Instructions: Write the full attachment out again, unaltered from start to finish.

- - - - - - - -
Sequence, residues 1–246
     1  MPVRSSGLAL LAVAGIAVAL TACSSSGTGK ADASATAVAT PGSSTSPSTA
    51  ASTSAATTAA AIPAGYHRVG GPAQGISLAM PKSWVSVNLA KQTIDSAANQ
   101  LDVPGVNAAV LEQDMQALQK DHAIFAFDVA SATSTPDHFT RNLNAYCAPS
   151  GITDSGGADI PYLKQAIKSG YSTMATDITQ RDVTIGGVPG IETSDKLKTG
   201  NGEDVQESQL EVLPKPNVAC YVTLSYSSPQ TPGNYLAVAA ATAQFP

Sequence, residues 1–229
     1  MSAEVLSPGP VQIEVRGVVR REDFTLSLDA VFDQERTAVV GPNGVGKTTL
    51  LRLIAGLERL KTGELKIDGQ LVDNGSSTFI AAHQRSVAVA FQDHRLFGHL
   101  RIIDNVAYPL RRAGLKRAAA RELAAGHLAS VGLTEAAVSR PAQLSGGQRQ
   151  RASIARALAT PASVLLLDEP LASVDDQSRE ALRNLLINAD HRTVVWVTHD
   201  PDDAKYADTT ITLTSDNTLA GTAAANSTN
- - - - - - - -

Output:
Sequence, residues 1–246
     1  MPVRSSGLAL LAVAGIAVAL TACSSSGTGK ADASATAVAT PGSSTSPSTA
    51  ASTSAATTAA AIPAGYHRVG GPAQGISLAM PKSWVSVNLA KQTIDSAANQ
   101  LDVPGVNAAV LEQDMQALQK DHAIFAFDVA SATSTPDHFT RNLNAYCAPS
   151  GITDSGGADI PYLKQAIKSG YSTMATDITQ RDVTIGGVPG IETSDKLKTG
   201  NGEDVQESQL EVLPKPNVAC YVTLSYSSPQ TPGNYLAVAA ATAQFP

Sequence, residues 1–229
     1  MSAEVLSPGP VQIEVRGVVR REDFTLSLDA VFDQERTAVV GPNGVGKTTL
    51  LRLIAGLERL KTGELKIDGQ LVDNGSSTFI AAHQRSVAVA FQDHRLFGHL
   101  RIIDNVAYPL RRAGLKRAAA RELAAGHLAS VGLTEAAVSR PAQLSGGQRQ
   151  RASIARALAT PASVLLLDEP LASVDDQSRE ALRNLLINAD HRTVVWVTHD
   201  PDDAKYADTT ITLTSDNTLA GTAAANSTN